One cannot overestimate the meaning of bread in Polish cuisine and tradition. It has been an essential part of them both for centuries. Now the variety of different bread types available at the nearest grocer's is taken for granted.
But in the past ages time of hardship often struck, and bread was treated with great respect. It was visible in folk customs.
When bread fell to the ground, it was immediately picked up and kissed. A new loaf was marked with the sign of the cross before cutting. And important guests to the house were greeted with bread and salt.
Today bread remains one of the most important foods for the Poles. The main ingredient for Polish bread is wheat, rye or both. Traditional bread has a crunchy crust,is soft but not too soft inside, and has unforgettable aroma. Such bread is made on sourdogh which lends it a distinctive taste. It can be stored for a week or so without getting too hard and is not crumbly when cut.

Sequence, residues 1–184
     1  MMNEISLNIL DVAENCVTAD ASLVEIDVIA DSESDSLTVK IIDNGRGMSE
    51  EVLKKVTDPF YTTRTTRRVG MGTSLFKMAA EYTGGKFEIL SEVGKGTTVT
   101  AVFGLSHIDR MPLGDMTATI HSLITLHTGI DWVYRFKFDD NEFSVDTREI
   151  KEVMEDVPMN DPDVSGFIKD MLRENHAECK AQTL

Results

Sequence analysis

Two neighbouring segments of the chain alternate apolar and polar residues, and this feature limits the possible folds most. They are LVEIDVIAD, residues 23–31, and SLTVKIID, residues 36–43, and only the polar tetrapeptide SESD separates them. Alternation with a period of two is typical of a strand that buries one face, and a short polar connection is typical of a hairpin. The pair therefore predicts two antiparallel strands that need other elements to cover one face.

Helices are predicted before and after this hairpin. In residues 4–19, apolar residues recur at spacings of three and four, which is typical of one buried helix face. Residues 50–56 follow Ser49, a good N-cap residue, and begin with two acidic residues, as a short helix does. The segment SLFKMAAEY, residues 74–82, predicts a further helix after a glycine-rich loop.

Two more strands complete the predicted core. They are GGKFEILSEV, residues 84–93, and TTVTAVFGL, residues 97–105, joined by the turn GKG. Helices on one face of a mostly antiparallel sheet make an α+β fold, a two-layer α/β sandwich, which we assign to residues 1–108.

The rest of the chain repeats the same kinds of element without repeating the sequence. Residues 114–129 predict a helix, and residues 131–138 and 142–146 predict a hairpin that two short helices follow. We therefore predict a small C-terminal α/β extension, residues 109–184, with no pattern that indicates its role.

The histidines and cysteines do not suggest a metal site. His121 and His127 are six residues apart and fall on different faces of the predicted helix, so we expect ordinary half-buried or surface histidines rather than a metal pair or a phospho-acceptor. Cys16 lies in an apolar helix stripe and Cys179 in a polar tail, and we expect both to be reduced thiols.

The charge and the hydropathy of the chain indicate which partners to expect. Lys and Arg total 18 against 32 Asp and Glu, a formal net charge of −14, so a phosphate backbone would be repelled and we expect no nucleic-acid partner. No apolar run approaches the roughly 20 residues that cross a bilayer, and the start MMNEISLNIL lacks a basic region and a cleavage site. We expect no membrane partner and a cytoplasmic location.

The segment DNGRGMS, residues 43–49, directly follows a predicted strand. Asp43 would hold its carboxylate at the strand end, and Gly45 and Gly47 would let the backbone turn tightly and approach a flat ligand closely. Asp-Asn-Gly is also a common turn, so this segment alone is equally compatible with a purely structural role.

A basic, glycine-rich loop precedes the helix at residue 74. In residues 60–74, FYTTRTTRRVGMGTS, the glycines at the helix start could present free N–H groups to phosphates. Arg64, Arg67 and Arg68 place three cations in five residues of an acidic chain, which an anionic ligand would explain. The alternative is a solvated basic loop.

Unfortunately these days more and more breads are made in a more "modern" way, which yields cheaper and less tasty, industrial-like product. But it's still quite easy to find great bread in Poland. You just need to know where to buy and what to choose.
We have told about a certain canon of Polish bread. It would be wrong however to conclude that there's only one type of it which is worth mentioning. On the contrary! Each good bakery make its bread slightly differently. Breads are made of various cereals (not just wheat or rye), whole grain breads abound and sometimes some traditional extra ingredients are used (e.g. onion, sunflower seed or lard). And, taking a broader view, the variety of bakery products in Poland is truly magnificent! From bread rolls and rogaliks (a kind of croissant) to cheese cakes and makowiec. But it's a slightly different story :)